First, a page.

The virus crisis is also grist for nationalist mills, prompting President Donald Trump to pressure US pharmaceutical companies that have moved overseas to shift their operations back to the US.
“The coronavirus shows the importance of bringing manufacturing back to America so that we are producing, at home, the medicines and equipment and everything else that we need to protect the public’s health,” Trump said.
If Trump sees a silver lining in the virus crisis, so do religious ultra-conservatives and critics of European measures to impose Western behavior on segments of Muslim minority communities.
With governments advising against customary physical greetings such as handshakes, kissing, and hugs, ultra-conservatives like Salafis, who refuse to shake women’s hands, observe privately that that their attitude is going mainstream at a time when their practices are under fire in Europe.
Dutch parliamentarians last month took Salafis to task for their refusal, arguing in a parliamentary inquiry into “unwanted influencing by unfree countries” that shaking a woman’s hand was part of Dutch culture and refusal to do so impeded integration. The coronavirus has, at least for now, undermined that argument.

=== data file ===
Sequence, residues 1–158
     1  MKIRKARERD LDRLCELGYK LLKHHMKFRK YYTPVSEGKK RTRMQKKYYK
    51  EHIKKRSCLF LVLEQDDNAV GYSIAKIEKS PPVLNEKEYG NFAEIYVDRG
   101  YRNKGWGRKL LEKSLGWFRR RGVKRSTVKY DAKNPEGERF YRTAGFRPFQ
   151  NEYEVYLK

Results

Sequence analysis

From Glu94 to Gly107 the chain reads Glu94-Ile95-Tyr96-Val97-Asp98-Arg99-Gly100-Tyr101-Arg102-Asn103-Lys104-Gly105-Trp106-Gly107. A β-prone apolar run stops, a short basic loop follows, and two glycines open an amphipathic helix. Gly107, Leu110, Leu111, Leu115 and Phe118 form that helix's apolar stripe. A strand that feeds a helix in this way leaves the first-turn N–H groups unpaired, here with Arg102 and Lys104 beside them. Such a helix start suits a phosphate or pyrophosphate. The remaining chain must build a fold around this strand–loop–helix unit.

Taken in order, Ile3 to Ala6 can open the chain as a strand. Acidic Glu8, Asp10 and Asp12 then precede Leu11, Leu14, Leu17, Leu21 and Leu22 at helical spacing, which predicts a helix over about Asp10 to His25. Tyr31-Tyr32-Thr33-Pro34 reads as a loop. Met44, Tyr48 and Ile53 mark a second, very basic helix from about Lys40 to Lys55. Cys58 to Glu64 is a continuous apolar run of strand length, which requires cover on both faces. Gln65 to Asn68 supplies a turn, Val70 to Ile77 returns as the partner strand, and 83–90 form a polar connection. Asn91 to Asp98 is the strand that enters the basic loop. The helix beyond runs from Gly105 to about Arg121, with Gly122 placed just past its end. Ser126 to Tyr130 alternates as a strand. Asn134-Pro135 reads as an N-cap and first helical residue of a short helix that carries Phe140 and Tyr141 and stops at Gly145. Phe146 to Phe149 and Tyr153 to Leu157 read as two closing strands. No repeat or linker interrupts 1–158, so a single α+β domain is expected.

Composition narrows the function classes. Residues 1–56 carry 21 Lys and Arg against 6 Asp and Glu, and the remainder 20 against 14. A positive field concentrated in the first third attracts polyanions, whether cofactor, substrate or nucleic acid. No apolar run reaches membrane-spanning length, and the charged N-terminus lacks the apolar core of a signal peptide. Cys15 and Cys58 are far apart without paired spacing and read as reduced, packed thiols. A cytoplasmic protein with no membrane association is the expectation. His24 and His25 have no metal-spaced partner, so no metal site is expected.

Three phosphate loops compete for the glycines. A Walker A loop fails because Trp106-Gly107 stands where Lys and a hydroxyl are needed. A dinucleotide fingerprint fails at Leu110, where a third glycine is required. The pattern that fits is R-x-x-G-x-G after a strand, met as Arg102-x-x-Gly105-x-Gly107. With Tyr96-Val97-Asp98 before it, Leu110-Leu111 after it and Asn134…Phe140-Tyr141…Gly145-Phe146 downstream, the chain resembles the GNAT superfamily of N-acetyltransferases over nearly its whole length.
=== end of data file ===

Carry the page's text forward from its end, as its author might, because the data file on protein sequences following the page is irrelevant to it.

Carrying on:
Danish authorities have suspended citizenship naturalization ceremonies that require a handshake as part of the process in line with legislation adopted in 2018 to force the hand of ultra-conservatives that refuse to shake hands with the opposite sex.
Critics of the law said the suspension highlighted the absurdity of forcing people to have physical contact. “It’s absurd. The path to Danish citizenship should be about inclusion, not exclusion,” said Peder Hvelplund, a green lawmaker.